Thursday, January 20, 2011

In and around Kingston: A trip to Port Royal

Over the weekend, we took a trip to Port Royal, a place I always imagined would be of greater interest to a man just because of its association with old-time pirates and battleships.  Then, I thought, "Well, Negasi is a man, right?"  Sure enough, he was crazy about the idea.  He's on board with anything pirate-related.

OK, so I will give you a brief (taken from the internet) synopsis of Port Royal before I get to photo sharing.
Port Royal was called "the richest and wickedest city in the world". It was founded in the 1650s by the first British settlers who came to Jamaica. The town grew up around Fort Charles and soon became packed with traders, shopkeepers, innkeepers, soldiers, buccaneers and pirates. There were also a number of craftsmen including carpenters, bricklayers, tailors, goldsmiths and silversmiths. By 1690, there were between 8,000 and 10,000 permanent inhabitants at Port Royal. Some houses were three or four storeys high. Everything was available including bars, taverns, restaurants, coffee houses and brothels.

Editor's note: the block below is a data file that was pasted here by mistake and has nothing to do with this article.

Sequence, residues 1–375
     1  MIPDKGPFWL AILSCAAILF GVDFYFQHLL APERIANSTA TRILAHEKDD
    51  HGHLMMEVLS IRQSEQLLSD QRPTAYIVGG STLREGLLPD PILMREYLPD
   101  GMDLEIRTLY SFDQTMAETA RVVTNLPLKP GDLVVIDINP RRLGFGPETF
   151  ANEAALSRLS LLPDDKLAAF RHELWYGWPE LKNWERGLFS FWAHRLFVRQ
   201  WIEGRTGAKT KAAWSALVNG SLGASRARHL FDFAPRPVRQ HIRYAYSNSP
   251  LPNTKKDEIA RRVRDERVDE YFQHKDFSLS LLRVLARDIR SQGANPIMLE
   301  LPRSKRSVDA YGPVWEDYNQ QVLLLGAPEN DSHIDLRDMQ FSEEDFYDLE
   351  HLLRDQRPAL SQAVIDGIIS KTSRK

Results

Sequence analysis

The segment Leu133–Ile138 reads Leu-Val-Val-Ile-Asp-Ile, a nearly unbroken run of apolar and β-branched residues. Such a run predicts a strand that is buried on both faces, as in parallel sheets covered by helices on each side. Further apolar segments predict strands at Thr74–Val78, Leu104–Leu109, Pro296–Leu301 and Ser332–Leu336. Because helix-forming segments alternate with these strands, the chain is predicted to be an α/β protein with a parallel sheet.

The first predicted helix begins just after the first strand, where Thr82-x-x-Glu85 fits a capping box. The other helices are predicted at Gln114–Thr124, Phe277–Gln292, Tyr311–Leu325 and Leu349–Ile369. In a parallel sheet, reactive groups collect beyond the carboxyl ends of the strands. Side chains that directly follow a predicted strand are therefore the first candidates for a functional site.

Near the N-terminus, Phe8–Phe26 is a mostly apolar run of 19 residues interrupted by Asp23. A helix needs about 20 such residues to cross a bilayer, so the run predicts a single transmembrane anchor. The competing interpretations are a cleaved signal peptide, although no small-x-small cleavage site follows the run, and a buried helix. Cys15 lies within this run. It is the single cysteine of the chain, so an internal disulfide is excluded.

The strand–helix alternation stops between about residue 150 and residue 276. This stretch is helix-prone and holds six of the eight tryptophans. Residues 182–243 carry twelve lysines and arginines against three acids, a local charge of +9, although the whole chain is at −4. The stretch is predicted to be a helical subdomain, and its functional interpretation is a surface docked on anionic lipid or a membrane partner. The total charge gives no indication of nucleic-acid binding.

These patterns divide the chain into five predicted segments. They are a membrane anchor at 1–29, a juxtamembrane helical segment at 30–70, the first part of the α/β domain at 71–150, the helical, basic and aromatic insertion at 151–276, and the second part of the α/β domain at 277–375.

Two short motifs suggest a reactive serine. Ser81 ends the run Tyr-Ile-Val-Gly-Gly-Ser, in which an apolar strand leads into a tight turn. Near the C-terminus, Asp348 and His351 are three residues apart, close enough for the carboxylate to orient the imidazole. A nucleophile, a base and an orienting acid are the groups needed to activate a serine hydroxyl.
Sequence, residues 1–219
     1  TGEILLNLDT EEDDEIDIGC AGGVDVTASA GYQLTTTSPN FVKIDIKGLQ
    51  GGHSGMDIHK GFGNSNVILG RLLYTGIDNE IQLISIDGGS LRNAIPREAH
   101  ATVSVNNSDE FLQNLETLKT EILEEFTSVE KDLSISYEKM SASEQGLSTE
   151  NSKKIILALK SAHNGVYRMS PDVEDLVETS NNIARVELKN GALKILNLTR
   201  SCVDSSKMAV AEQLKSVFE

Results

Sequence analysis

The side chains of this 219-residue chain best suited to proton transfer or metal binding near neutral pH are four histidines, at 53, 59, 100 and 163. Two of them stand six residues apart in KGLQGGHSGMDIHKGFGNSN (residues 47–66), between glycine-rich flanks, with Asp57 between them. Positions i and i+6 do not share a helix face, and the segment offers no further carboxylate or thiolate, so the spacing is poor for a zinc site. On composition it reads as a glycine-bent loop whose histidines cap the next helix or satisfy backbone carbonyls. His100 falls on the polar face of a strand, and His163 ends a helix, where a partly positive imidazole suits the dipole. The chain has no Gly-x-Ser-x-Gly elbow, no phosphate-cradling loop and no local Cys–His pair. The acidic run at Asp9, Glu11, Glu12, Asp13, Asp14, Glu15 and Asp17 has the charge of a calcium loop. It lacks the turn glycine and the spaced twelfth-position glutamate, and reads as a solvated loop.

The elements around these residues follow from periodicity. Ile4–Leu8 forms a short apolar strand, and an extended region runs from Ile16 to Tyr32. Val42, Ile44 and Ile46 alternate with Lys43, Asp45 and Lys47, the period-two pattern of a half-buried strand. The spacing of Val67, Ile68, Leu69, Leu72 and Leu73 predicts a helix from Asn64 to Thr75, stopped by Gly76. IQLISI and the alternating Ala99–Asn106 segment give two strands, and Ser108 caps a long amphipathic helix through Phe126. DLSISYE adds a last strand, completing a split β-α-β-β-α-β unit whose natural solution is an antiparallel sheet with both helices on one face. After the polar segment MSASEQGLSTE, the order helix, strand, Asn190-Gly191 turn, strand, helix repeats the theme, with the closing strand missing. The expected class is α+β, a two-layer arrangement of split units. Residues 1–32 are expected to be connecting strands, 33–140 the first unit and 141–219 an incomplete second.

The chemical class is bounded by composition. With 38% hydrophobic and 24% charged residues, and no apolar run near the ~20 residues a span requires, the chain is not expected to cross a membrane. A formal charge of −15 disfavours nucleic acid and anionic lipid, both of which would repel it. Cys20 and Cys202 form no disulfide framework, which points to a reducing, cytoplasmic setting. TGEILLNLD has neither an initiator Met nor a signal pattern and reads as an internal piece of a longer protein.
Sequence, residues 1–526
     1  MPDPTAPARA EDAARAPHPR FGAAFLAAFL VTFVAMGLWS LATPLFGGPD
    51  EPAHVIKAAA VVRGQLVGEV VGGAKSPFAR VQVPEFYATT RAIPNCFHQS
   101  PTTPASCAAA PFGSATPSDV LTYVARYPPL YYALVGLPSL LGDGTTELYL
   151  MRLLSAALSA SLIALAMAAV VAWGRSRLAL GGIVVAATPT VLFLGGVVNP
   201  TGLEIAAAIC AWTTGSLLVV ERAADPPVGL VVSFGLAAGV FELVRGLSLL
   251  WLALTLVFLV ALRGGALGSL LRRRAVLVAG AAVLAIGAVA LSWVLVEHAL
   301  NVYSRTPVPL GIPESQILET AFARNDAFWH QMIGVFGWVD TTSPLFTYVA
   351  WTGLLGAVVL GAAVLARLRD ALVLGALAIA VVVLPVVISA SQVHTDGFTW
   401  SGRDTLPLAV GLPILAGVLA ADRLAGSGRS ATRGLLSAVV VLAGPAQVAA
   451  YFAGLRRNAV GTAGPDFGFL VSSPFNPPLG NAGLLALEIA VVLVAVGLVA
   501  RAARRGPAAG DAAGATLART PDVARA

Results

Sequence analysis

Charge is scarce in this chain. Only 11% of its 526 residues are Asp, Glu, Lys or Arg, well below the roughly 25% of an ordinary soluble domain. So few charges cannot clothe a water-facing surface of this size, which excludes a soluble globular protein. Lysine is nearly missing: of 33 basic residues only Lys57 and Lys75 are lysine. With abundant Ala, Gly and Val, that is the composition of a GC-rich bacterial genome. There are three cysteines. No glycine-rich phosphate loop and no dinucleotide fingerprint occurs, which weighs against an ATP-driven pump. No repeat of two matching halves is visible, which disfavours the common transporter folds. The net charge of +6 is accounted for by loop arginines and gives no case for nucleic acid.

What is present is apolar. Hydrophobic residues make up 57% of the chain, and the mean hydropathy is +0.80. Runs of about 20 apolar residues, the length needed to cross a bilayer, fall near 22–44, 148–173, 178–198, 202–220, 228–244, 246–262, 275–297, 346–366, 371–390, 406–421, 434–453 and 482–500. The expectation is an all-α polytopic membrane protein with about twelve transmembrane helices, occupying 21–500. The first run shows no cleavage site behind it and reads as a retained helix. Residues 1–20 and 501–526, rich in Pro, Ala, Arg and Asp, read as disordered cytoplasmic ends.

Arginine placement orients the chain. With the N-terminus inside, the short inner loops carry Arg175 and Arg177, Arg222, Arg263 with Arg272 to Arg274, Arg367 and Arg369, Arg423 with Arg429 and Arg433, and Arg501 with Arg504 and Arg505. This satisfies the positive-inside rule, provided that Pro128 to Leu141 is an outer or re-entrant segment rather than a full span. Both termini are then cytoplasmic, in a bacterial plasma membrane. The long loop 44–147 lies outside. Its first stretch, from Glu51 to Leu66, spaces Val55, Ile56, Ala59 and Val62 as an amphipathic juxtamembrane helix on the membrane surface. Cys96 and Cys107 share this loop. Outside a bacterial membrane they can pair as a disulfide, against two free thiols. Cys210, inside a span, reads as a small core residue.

At a few minutes before 12 midday on Tuesday, June 7, 1692, an earthquake struck Port Royal. A huge tidal wave destroyed ships in the harbour and carried one of the ships into the middle of the town. Many of the buildings were destroyed and most of the city disappeared into the sea. Over 2,000 people died and more than 3,000 had serious injuries. Many of the victims were swallowed up by the earth. There is a very exciting story about Lewis Galdy; he was swallowed alive into the earth by one shock and then was thrown into the sea by another shock. He swam until a boat took him up. Galdy lived forty-seven years after his miraculous escape and is buried in the St. Peter’s Anglican churchyard in Port Royal. (Big up yuhself, Jamaica National Heritage Trust Website for this bevy of information.) Pretty interesting, no?
This appears to come a little too naturally to him, don't you think?

Negasi as he tells a very detailed story of how 'the pirates' would go into the garden you see behind him and play football.

Fort Charles, canons...

More canons...

The Giddy House-tilted at a 35 degree angle by a 1907 earthquake.  This structure used to serve as an artillery storehouse.

Some folks who took the tour with us. They stand upright, yet leaned over in the Giddy House. 

Better pic of the slant.

Lo and anchor!

1 comment:

  1. Imagine standing in the Giddy House after a few shots hehe. Great pics! The story you provided above reminds me of the Biblical tale of Jonah. He was swallowed by a big fish but then spit back out for another chance at life. Port Royal seems like it is a great stage for a story about rebirth.